First published in French in France as La femme au carnet rouge in 2014. English language translation by Jane Aitken and Emily Boyce published by Gallic Books in March 2015.
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Buy the ebook from Amazon.com / Amazon.co.uk
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How I got this book:
Received a review copy from the publishers via NetGalley
My rating: 4 of 5 stars
Bookseller Laurent Letellier comes across an abandoned handbag on a Parisian street and feels impelled to return it to its owner. The bag contains no money, phone or contact information. But a small red notebook with handwritten thoughts and jottings reveals a person that Laurent would very much like to meet. Without even a name to go on, and only a few of her possessions to help him, how is he to find one woman in a city of millions?
The Red Notebook is a deceptive novel in that it seems quite light-hearted on the surface, but actually explores some pretty deep philosophical questions. Is it possible to glimpse what might have been? Can we influence coincidence? Where is the line between harmless curiosity and creepy stalking?
Returning home late one night Laure is mugged on her doorstep and her designer handbag stolen. Injured in the attack, she seeks refuge in a neighbouring hotel, but is later rushed to hospital. Next morning, bookseller Laurent finds the bag and, as a good citizen, takes it to the police. However they really aren't interested so Laurent undertakes his own amateur detective mission in order to track down its owner. The Red Notebook of the title is in the handbag and contains Laure's comments and thoughts on her life. There's nothing written there to identify her, but Laurent becomes so fascinated that he begins to cross social boundaries in his determination to find her.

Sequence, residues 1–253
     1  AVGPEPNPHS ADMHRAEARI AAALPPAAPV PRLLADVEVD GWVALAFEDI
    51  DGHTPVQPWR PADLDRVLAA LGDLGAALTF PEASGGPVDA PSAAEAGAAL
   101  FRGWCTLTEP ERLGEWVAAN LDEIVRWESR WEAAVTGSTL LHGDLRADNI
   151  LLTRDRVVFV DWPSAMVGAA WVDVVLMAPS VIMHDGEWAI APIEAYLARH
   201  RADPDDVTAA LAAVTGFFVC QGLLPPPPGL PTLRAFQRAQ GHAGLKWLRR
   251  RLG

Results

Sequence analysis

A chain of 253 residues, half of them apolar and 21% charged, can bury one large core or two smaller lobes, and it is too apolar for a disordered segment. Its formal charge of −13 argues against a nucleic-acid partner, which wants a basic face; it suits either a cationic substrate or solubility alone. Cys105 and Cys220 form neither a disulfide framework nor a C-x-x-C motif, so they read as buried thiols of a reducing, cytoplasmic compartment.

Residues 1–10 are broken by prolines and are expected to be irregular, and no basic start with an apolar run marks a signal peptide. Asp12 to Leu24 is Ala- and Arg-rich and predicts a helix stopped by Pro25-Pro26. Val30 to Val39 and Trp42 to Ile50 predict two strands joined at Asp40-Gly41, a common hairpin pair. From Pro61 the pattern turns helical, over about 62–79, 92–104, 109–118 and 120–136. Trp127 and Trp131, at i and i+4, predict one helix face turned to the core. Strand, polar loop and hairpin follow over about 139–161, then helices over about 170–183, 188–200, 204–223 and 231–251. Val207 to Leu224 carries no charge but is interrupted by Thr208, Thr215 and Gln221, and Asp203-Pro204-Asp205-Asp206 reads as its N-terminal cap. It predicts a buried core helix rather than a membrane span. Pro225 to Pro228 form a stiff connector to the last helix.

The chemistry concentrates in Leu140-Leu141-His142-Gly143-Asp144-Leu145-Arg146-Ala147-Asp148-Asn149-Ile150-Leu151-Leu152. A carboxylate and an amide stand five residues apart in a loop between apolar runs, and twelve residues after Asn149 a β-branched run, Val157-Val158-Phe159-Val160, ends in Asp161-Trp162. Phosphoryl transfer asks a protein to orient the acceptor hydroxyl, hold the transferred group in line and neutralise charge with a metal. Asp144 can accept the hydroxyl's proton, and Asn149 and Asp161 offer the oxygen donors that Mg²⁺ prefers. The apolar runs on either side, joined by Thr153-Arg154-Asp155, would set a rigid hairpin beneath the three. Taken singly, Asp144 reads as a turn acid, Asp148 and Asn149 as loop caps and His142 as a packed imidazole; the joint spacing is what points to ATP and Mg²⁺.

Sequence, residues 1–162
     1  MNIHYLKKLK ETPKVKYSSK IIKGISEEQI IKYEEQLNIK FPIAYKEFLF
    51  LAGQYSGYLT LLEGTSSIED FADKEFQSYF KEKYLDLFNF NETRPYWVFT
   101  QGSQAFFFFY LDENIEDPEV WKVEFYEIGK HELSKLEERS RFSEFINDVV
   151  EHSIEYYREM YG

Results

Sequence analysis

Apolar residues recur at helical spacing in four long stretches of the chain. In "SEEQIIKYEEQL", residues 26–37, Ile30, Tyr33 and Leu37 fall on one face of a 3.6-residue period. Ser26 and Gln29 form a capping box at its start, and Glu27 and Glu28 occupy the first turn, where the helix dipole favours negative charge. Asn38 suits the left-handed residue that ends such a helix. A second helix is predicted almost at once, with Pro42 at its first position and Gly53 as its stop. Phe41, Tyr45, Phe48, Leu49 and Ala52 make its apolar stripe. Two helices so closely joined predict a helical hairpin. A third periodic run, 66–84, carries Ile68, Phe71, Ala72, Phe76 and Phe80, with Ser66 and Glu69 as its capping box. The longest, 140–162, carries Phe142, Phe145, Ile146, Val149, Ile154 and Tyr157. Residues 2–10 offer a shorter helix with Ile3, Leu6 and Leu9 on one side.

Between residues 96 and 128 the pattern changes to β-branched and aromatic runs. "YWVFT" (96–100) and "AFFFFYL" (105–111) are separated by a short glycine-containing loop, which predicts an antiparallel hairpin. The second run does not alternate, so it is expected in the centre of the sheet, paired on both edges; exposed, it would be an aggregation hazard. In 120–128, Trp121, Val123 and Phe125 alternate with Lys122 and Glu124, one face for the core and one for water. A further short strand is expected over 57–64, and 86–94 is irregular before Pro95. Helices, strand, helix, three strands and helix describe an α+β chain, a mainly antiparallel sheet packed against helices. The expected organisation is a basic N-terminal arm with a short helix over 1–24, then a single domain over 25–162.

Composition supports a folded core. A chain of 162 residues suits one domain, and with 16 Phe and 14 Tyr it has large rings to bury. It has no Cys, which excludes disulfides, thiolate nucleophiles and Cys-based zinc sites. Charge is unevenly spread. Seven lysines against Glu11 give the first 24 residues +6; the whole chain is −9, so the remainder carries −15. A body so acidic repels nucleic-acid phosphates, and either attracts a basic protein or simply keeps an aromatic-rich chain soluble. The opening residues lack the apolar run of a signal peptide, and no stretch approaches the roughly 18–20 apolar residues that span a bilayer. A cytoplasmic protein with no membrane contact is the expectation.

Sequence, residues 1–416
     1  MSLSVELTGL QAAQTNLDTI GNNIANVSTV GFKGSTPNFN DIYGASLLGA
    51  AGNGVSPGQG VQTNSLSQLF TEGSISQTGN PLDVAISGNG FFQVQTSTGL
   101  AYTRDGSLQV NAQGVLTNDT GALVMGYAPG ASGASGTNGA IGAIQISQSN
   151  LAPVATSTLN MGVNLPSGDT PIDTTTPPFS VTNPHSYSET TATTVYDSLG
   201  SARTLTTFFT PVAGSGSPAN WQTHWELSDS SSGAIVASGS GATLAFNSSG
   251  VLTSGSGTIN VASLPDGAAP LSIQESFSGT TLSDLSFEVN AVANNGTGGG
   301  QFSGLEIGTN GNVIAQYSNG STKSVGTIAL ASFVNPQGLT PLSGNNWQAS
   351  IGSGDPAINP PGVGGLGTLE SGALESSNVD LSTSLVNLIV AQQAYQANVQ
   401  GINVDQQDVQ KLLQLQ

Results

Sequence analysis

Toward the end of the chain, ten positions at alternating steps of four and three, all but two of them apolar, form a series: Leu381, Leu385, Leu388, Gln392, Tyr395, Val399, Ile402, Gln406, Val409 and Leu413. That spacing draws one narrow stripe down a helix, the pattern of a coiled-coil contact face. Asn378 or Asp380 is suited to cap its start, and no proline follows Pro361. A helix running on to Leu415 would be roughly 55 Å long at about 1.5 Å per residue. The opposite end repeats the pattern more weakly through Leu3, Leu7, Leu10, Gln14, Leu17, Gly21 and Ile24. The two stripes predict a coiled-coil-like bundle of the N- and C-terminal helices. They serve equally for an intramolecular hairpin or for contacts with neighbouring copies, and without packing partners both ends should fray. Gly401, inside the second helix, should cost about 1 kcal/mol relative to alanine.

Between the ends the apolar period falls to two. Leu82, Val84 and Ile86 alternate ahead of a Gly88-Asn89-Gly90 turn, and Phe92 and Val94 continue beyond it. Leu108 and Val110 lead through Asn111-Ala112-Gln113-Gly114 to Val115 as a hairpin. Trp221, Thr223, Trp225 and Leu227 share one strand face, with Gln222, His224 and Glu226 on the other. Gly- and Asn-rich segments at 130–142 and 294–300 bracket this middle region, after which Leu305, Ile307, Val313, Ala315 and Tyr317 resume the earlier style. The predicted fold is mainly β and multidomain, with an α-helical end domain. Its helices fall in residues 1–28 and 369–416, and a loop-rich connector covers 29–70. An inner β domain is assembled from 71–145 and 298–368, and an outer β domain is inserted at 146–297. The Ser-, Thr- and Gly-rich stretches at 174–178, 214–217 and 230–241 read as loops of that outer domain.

I loved the gentle and very French style of this book which makes it a fascinating romance where, as readers, we never quite know whether Laure and Laurent will ever meet. And if they do, will their realities match up to their imaginations? Laurain has a deft touch and a lovely way of portraying his characters which comes through perfectly, even in translation. I was rooting for Laurent all the way through the book, even when his behaviour did start to get a little creepy. In the hands of a different writer, this could have become a sleazy or even a chilling book, but Laurain cleverly stays just on the happy side of the line. Yes, on reflection some of the coincidences are just too coincidental to be truly believable, but that didn't matter to me as I was so swept up in the romantic potential. I liked that both Laure and Laurent were independent people with pasts, cautious but open to possibilities, and Laurent's daughter is a great creation. I squirmed at the cafe scene! Laurain doesn't rush to his conclusion and often diverts into literary discussion or other asides. These do slow the pace, sometimes adding to its tension, but occasionally seeming like unnecessary padding. However The Red Notebook is still a relatively short book which I easily read in a few hours and I came away from it feeling uplifted and very satisfied with the tale.
Search Lit Flits for more:
Books by Antoine Laurain / Mysteries / Books from France